By: Haylee Fishburn
A college president has issued an apology following his decision to censor anti-CCP posters on campus and threatening to investigate those involved.
At The George Washington University in DC, President Mark Wrighton rushed to judge posters made by Chinese- Australian artist, Badiucao, hung up around campus criticizing the Chinese government’s civil rights abuses.
Wrighton initially stated he was “personally offended” by the posters and called for their removal across campus. He also stated that the university would “undertake an effort to determine who is responsible” for the posters.
The next week, Wrighton released a statement correcting his quick judgment. He said, “Every member of the GW community should feel welcome and supported, but I should have taken more time to understand the entire situation before commenting.”
Wrighton also stated that free speech allows a way to communicate social issues even if it offends people.
GWU did not respond to YAF when reached out to for further comment.
GW Young America’s Foundation President Madeline Katz told YAF she was “pleased” with the president’s apology., “It’s important that students are allowed to express their political opinions freely on campus. We are pleased that Mark Wrighton released a statement in support of free speech at GW.”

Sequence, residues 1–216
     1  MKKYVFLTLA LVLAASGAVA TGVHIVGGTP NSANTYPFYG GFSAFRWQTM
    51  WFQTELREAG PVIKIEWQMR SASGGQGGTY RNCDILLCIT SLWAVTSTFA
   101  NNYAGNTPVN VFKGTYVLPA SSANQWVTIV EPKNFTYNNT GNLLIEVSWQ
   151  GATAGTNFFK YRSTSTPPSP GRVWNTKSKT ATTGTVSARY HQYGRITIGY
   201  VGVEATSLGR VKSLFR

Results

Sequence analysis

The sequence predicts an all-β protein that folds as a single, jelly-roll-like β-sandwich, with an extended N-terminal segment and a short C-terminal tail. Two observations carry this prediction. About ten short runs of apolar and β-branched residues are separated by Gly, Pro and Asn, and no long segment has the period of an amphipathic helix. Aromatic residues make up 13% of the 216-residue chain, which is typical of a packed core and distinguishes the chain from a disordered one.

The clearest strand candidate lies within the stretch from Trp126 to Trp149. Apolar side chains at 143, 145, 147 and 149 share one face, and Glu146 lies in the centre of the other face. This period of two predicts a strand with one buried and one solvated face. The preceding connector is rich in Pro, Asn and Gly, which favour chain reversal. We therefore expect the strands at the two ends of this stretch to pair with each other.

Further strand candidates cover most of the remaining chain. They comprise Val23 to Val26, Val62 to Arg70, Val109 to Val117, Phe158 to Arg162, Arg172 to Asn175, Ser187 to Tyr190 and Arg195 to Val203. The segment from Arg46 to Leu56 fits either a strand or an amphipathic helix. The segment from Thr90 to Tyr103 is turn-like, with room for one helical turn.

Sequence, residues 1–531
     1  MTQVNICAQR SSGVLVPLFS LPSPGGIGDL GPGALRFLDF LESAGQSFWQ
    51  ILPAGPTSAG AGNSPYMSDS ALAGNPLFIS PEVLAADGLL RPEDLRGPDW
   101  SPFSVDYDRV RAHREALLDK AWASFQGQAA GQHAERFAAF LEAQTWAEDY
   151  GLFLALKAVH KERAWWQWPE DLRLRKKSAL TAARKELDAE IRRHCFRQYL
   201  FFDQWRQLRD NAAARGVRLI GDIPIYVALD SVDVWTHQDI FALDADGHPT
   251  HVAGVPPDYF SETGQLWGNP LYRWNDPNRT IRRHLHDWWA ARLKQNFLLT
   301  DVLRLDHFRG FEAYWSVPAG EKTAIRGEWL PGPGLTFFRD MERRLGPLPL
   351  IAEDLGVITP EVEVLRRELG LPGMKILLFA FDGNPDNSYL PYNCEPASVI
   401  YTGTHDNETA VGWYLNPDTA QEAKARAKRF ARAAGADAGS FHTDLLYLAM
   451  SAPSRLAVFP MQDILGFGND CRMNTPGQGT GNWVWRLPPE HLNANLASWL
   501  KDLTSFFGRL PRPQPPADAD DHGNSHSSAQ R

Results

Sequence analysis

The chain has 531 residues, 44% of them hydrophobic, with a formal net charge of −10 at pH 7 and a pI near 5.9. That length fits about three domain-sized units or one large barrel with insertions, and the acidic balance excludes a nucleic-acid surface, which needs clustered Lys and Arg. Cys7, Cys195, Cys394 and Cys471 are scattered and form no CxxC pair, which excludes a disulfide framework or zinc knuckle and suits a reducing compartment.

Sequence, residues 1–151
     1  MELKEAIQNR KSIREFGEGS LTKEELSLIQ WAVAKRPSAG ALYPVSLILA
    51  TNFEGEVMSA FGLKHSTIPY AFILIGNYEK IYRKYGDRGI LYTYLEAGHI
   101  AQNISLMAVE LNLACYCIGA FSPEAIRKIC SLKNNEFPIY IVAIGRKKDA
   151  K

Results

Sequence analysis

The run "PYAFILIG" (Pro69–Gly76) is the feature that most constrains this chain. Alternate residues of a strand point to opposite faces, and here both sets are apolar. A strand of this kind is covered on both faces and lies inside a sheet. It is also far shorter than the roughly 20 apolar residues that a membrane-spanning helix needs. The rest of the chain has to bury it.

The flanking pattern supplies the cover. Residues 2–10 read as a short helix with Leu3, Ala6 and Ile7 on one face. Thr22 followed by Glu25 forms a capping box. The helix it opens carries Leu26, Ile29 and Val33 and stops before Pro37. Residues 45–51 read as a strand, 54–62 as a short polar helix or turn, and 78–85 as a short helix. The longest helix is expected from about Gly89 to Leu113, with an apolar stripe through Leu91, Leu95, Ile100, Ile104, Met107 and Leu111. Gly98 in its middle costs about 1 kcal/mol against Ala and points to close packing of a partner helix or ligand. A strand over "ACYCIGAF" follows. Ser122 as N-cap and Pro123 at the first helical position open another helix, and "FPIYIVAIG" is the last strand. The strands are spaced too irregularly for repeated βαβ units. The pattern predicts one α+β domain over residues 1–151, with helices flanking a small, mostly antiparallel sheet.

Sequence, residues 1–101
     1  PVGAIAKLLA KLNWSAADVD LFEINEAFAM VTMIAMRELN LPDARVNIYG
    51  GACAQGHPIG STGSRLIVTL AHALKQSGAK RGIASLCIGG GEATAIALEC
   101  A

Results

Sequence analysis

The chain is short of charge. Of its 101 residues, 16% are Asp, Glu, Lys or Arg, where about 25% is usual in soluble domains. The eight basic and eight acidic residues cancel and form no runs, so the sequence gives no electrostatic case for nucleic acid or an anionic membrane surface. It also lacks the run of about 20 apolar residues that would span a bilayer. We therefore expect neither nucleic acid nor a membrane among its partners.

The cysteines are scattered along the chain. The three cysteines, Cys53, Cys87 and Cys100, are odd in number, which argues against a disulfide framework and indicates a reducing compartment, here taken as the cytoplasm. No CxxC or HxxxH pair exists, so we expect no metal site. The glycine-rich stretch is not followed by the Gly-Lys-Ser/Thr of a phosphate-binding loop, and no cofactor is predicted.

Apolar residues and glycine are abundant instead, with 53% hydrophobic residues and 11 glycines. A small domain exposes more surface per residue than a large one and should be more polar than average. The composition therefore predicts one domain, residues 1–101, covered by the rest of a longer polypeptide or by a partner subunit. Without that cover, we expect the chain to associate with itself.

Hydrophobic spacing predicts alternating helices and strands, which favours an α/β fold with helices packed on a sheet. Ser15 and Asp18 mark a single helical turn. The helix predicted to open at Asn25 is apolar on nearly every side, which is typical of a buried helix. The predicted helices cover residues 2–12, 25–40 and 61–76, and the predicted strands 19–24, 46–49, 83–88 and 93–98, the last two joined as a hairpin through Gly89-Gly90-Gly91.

The actions of GW are maddening. While the school claims to support free speech, it has been made clear that they have a leftist agenda. For years, the GW YAF chapter has faced vandalism of their pro-life initiative, Cemetery of the Innocents. Yet, the school refused to make any condemnation of the attacks on free speech and issued no punishments against the vandals.
When the Chinese government is being criticized, the university acts quickly and with little information. But when conservative students are being attacked on campus, the school stays silent. Conservative students must fight hard to make sure crazy leftist ideas are not being indoctrinated in our education systems. The time is now to put conservative ideas on campus, more than ever.